The comments were Greenspan's most detailed description yet of risks in the booming real estate market, and reflected the Fed's growing concern about the need to tighten mortgage lending standards.
Greenspan's remarks, during a question-and-answer session after a speech in New York, were reminiscent of his statement in 1996 that the then-hot stock market was afflicted with "irrational exuberance."
The Fed chief said Friday that he didn't see a national housing bubble and that the economy was not at risk, an assertion he had also made in February.
And these comments from a couple local economists:
Some economists suggested that Greenspan was partly to blame for the overheated housing market. By letting short-term interest rates hit rock bottom as a means to help the economy recover from the 2001 recession, the central bank helped drive down mortgage rates. That in turn created an exaggerated demand for housing.What's with all the negativity? Sounds like their trying to shut down the California Real Estate Fun Machine ... or maybe they are just trying to help 35 million Californians understand that they are in the middle of a mania - that the world doesn't work this way under normal circumstances.
But Greenspan's remarks may be "too little, too late," said Christopher Thornberg, a senior economist at the UCLA Anderson Forecast who has been among the few economists to emphatically describe California's housing market as a bubble.
Finally we get to the CNN/Money piece. Now this website is really run by the staff of Money Magazine, and CNN is just the unwitting accomplice, so we shouldn't be too hard on CNN - yet it is their name on the top of the website.
If you want to assess how Money Magazine views the world, all you have to do is pick up a copy of their magazine - any copy. They are like the print version of CNBC - it's always a good time to buy stocks ... and real estate, apparently.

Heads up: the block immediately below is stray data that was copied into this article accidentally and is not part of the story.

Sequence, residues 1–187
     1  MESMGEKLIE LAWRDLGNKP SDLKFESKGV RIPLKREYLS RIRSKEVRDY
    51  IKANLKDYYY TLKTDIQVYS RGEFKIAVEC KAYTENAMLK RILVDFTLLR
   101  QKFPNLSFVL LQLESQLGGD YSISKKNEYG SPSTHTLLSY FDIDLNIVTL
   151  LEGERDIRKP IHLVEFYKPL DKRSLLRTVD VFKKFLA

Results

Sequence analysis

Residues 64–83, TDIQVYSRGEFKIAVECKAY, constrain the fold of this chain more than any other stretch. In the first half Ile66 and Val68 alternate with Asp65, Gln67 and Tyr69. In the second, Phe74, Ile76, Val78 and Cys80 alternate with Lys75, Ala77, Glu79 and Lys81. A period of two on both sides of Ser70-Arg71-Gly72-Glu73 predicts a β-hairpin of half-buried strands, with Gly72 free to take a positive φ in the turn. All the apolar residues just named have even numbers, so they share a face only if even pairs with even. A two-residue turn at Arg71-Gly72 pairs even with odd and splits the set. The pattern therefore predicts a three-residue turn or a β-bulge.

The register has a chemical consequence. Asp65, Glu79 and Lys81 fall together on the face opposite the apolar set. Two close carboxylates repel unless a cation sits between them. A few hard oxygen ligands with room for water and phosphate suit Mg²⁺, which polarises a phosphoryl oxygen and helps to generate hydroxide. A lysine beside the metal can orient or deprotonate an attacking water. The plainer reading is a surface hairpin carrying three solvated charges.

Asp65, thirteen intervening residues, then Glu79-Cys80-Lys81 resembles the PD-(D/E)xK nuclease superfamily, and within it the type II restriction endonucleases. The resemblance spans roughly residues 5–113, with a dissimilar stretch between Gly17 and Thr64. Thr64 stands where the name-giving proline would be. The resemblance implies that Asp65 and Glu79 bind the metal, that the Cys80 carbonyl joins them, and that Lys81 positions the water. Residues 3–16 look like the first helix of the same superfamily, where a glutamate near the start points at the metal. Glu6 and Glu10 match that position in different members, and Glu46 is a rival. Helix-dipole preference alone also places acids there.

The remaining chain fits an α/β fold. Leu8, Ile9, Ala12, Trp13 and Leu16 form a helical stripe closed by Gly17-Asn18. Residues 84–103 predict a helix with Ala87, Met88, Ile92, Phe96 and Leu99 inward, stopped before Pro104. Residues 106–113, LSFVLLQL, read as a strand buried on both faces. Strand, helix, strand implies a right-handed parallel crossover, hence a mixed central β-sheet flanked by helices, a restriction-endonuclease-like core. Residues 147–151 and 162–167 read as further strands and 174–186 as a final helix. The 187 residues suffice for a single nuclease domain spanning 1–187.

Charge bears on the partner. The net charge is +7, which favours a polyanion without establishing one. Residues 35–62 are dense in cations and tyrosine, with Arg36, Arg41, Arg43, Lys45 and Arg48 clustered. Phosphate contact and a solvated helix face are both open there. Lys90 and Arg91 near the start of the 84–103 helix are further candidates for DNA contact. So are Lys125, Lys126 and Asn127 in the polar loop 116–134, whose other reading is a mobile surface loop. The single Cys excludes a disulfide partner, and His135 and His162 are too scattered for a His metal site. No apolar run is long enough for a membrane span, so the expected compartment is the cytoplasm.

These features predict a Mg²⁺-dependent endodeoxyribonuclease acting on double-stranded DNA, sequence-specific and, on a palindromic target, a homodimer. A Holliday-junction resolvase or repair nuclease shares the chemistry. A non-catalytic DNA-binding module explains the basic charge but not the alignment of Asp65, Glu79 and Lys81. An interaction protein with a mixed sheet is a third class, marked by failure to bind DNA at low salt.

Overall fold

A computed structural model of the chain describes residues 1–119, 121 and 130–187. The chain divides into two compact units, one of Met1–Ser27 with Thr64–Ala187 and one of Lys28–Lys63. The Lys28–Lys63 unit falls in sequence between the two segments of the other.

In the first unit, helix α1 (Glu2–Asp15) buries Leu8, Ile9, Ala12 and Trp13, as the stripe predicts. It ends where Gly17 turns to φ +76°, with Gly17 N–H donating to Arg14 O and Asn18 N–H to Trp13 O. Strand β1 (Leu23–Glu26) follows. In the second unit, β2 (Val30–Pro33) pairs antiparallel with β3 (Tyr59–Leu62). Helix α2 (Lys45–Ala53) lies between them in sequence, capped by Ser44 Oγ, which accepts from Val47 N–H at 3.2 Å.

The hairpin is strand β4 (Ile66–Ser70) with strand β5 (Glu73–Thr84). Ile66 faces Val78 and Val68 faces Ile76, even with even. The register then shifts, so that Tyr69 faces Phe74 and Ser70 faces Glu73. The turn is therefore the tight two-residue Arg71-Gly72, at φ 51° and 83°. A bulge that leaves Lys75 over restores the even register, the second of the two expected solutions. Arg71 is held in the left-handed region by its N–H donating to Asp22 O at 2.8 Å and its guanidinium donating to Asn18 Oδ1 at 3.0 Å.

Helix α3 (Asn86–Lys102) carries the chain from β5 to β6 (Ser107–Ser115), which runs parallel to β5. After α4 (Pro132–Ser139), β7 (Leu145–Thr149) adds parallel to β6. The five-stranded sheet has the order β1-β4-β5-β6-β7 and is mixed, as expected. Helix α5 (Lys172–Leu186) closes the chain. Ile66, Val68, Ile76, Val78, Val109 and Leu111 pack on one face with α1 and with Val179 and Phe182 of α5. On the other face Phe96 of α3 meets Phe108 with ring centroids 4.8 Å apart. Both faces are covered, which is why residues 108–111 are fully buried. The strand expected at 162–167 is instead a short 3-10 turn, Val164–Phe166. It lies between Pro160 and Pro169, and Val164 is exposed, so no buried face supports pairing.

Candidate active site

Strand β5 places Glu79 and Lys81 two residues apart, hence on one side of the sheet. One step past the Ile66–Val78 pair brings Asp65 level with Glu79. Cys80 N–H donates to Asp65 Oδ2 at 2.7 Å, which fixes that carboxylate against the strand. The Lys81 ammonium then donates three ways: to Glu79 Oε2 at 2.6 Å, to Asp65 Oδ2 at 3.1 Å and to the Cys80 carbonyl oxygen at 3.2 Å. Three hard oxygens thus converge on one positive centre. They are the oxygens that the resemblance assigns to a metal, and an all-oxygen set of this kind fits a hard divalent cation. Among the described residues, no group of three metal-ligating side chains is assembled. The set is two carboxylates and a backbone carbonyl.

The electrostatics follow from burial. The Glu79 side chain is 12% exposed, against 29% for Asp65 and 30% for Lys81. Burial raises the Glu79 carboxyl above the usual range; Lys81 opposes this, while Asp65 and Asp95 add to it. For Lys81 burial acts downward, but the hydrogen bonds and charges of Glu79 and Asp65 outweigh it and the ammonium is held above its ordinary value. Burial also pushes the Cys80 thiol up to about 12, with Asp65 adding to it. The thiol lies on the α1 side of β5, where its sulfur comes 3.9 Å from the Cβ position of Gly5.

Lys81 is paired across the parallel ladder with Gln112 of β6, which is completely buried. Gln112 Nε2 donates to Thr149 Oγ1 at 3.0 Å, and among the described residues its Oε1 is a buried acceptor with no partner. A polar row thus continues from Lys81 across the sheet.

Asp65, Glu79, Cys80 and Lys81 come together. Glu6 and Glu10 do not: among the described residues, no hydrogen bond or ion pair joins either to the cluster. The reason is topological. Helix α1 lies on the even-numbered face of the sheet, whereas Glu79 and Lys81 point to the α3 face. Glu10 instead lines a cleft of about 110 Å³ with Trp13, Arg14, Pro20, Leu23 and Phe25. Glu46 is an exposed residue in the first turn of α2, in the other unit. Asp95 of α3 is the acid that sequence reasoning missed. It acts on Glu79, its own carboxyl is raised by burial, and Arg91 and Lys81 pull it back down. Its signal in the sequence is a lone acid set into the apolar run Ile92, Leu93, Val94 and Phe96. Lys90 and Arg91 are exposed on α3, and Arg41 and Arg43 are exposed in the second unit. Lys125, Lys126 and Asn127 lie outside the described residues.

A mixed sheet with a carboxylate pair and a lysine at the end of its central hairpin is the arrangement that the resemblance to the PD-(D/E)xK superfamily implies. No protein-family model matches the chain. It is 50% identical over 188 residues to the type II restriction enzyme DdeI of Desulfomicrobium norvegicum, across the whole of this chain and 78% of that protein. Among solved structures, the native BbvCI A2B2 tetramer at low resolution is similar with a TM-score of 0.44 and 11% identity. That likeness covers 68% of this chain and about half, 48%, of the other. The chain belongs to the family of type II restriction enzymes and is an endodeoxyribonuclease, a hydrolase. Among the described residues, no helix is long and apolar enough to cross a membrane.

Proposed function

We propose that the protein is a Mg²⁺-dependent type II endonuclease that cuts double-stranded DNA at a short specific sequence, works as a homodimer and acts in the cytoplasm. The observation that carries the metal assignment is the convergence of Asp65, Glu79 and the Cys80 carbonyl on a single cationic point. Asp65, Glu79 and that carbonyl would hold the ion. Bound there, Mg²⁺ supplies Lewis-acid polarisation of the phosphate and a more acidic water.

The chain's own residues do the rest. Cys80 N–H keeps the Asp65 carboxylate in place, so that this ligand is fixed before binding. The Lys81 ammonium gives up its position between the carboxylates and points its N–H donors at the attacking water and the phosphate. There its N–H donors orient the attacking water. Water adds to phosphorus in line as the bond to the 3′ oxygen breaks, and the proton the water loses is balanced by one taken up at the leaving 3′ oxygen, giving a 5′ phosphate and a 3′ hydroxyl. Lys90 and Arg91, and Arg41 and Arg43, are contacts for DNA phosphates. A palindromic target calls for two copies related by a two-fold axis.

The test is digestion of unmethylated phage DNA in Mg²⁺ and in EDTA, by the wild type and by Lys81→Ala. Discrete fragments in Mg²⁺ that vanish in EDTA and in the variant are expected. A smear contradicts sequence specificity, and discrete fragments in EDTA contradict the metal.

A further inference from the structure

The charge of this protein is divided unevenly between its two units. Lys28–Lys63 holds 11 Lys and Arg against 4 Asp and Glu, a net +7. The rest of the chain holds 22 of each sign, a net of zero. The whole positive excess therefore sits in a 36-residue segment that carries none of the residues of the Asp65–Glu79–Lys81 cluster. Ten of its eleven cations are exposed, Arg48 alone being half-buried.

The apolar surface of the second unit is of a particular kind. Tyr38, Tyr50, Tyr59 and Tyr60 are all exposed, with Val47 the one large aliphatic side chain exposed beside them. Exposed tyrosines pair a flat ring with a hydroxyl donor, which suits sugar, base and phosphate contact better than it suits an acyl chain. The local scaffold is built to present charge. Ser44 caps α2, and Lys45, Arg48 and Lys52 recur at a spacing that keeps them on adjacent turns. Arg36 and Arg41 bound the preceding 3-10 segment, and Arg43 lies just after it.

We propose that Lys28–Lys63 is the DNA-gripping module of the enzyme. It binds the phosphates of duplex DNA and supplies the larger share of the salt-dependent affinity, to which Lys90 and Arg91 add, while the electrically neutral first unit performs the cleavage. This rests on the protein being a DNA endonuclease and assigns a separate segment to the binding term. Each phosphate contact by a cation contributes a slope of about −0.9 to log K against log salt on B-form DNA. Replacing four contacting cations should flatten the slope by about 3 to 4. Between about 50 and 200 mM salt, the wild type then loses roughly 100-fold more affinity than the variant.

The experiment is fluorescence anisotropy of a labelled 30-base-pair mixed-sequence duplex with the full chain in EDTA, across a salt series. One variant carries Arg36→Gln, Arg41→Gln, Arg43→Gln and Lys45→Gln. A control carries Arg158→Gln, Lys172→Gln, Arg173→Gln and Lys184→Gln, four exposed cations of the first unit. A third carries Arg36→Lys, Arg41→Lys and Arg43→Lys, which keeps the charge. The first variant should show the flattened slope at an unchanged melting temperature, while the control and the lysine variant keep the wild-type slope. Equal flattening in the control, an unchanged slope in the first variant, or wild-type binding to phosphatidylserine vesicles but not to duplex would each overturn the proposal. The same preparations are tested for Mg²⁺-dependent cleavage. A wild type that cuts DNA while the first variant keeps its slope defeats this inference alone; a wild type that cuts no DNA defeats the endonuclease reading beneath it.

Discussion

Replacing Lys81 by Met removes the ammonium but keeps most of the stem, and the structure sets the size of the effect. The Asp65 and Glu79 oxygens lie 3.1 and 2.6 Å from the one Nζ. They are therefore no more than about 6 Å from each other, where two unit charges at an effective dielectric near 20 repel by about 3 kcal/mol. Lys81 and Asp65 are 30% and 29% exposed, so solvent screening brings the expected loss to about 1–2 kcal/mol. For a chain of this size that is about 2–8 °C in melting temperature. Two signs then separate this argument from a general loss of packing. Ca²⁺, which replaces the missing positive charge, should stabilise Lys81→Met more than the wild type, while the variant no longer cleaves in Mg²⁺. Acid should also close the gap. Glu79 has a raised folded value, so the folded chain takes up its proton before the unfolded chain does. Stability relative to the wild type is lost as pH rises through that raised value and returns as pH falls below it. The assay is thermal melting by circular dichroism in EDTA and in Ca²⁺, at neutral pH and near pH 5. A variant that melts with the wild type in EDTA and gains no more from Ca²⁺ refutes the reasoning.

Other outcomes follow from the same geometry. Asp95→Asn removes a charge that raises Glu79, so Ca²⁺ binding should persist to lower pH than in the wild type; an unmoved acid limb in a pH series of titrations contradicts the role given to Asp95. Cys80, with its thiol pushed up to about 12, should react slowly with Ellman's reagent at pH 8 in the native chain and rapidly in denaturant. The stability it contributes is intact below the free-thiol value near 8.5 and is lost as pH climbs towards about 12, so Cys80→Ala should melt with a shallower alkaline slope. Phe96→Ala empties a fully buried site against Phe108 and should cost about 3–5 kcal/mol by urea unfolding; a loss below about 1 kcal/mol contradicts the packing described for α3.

So, one look at this article and it somehow seems familiar. No byline - it says Reuters right there at the top. In fact this IS the Reuters article - verbatim. Except the headline is different.
Why did they do that?
Copy and paste the Reuters original then look at the headline "Greenspan Sees Froth But No Nat'l Housing Bubble". Hmmm... not in keeping with our approach here at Money Mag - let's drop the "Froth" and the "Nat'l" and voila!
"Greenspan sees no housing bubble" - like wishing the housing bubble into the corn field.
To really appreciate how Money Magazine feels about the real estate market, take a look at their June special issue - Your Home. Look at the article about the San Diego real estate market - Boomtown USA. Five paragraphs of caution and 25 paragraphs of success stories - we're all going to be millionaires and that's just the way it is!
The headline modification is now pretty explainable - they don't want this thing to stop, and will do whatever they can to keep people believing that it really is different this time. Housing 2005 isn't like Nasdaq 2000 - it's different this time.
The scary part here is that what they have done to the headline has made it untrue - it is now a lie. Is that what it has come to?
Shame on you CNN/Money!